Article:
Awa and the Dreamrealm by Isa Pearl Ritchie
Life is already complicated for Awa Bryant, when she starts having weird dreams - waking dreams. Strange coincidences start appearing between her real life and her dreams.
The Dreamrealm is full of incredible fantastical creatures, and at first glance it is a glorious escape from Awa's daily struggles.
But something is not right and soon she discovered she has a bigger quest. Everything she cares about is at stake, but is she brave enough to face her fears and save her fears?
Author Isa Pearl Ritchie has created a wonderful world, or Dreamrealm, in this book aimed at the younger reader. Often fantasy worlds are too complex or complicated for 'tweens' to comprehend. But Ritchie nails it.
Awa's lucid dreaming, and the world she enters, is described so fully you can picture it in your mind's eye. Veila, a quirky glowing creature who helps guide Awa through the mysterious Dreamrealm is an interesting and lovable character too. Together - the setting and Veila's odd aloofness - lends an Alice in Wonderland vibe to the story. However, that's where the comparison ends. Ritchie draws on mātauranga Māori within the book, although it may not be obvious to all. Dreams and spirituality are a large part of the Māori identity, and it was fascinating, and incredibly exciting, to see this coming through in a book aimed at the early teen reader. It's often said that children need to recognise themselves in the stories they read - Awa and the Dreamrealm does that.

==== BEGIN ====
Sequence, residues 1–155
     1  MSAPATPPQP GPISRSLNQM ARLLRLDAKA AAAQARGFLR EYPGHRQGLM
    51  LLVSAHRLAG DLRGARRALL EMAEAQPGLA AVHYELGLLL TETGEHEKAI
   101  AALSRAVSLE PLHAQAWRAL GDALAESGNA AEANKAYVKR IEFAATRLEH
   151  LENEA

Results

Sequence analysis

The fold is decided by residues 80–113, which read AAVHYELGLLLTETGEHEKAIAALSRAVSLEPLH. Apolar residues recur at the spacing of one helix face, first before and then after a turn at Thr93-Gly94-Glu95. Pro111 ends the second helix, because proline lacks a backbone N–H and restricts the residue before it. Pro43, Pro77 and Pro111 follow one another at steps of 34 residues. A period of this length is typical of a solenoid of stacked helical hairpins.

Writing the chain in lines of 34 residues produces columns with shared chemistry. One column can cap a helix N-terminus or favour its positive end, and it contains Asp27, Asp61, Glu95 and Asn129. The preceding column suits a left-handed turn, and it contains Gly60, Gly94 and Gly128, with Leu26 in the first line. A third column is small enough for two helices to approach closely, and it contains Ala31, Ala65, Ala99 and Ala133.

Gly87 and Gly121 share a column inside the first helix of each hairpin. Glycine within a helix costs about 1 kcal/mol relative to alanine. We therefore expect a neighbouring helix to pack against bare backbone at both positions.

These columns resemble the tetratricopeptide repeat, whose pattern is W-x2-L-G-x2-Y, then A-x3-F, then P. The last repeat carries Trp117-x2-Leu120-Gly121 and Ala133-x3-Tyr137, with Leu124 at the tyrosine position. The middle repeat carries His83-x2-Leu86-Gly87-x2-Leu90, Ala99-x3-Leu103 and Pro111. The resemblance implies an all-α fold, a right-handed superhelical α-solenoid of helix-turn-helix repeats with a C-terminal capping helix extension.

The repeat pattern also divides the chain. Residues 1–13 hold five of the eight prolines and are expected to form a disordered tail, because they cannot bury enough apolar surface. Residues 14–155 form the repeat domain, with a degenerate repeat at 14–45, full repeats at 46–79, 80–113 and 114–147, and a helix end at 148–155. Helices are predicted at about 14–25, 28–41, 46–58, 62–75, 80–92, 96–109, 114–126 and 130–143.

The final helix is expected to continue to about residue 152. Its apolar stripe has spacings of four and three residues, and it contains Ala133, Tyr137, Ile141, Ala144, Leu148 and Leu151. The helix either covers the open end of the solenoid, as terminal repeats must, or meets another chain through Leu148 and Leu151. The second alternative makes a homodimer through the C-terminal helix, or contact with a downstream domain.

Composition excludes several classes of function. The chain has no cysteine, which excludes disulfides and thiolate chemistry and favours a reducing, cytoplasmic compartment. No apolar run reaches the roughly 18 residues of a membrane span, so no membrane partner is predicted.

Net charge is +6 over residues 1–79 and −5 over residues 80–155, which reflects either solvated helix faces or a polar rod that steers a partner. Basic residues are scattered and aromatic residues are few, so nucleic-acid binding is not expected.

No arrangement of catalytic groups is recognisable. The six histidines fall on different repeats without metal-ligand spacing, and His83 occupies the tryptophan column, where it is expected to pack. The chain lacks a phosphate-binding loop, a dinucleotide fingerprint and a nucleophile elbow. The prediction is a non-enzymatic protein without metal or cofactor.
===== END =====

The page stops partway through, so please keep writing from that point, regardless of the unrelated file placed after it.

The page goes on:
Awa as a character is likable and many younger readers will instantly relate to her. The 13-year-old grapples with real-life situations, including moving, divorce, anxiety and bullying. Ritchie makes sure those storylines are realistic too - Awa's problems aren't solved in a nice, simple way. She perseveres and tries to do the right thing, sometimes slipping up along the way.
It was quite obvious that this book was written as the first in a series. Ritchie spent a lot of time setting the scene, building the world, and ensuring the characters are memorable, relatable and authentic.
With the second book due in the coming months, I feel the best of the Dreamrealm is yet to come.
Reviewer: Rebekah Fraser
Te Rā Aroha Press, RRP $22.99